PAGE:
A publication of the Archaeological Institute of America
A century ago, moving 220-ton obelisks from Alexandria to London and New York was no mean feat.
Scores of obelisks once stretched skyward along the Nile, standing in pairs in front of temples, their inscriptions proclaiming the glory of the pharaohs. Now less than half a dozen remain standing in Egypt. The Romans brought obelisks home as trophies of a conquered land and today there are more standing in Rome--13 of them--than in all of Egypt. The urge to adorn modern cities with ancient obelisks continued into the nineteenth century. The last two to depart Egypt were taken from Alexandria to London and New York in the late 1870s. Disaster struck during the British attempt: six sailors perished and the obelisk was almost lost at sea. If the Americans were more successful, it was largely because of Henry Honychurch Gorringe, a U.S. Navy Lt.-Commander of remarkable ingenuity and perseverance.
On July 20, 1880, the ship anchored off Staten Island. The obelisk was floated up the Hudson River to 96th Street--the only spot in the riverbank that wasn't too high for landing it. The pedestal and steps were unloaded at the 51st Street dock, placed on a specially reinforced truck, and pulled by 16 pairs of horses across 51st Street, up Fifth Avenue, and then into Central Park to Graywacke Knoll, the spot selected by the park commissioners for the obelisk. As the cornerstone of the steps was being laid, the obelisk was already well on its way to Central Park. Huge crowds of New Yorkers turned out to see it move down Fifth Avenue and make its turn at 82nd Street into the park. By the time it finally entered Central Park, it was the dead of winter. The official ceremony for erecting it was January 22, 1881. Thousands of spectators crowded around to see Gorringe give the signal and the obelisk moved effortlessly to about a 45-degree angle. Then he ordered the movement stopped so photographer Edward Bierstadt could document it and then gave the sign to bring the obelisk to its final position. New York finally had its obelisk.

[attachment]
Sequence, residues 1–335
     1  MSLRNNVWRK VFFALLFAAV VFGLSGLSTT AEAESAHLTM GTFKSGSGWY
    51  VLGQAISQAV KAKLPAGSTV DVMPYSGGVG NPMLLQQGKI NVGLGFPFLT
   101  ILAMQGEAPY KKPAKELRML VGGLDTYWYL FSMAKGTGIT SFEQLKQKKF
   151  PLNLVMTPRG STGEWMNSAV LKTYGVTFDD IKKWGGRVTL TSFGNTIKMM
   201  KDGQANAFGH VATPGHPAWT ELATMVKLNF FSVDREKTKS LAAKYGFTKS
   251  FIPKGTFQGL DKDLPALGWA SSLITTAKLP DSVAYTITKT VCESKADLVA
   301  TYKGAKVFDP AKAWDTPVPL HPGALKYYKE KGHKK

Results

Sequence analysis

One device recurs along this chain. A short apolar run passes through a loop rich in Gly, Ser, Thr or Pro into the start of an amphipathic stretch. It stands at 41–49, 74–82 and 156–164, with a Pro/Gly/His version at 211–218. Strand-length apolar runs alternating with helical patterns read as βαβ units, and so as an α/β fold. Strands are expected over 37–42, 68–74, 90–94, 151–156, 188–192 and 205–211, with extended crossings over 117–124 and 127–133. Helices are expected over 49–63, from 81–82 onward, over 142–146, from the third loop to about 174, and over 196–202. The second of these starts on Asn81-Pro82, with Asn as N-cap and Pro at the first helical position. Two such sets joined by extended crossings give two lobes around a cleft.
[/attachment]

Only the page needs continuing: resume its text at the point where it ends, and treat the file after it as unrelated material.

Bob Brier is an Egyptologist at the C.W. Post Campus of Long Island University and contributing editor to ARCHAEOLOGY.
Further Reading Martina Dalton's The New York Obelisk or How Cleopatra's Needle Came to New York and What Happened When It Got Here is a delightful account with excellent illustrations (New York: Metropolitan Museum of Art, 1993). Henry Gorringe's
Egyptian Obelisks (New York: 1882), which he published privately, is both a wonderful read and the best on the subject of moving the New York obelisk. Labib Habachi's The Obelisks of Egypt (New York: Charles Scribner's Sons, 1977) is perhaps the finest overall popular book on obelisks.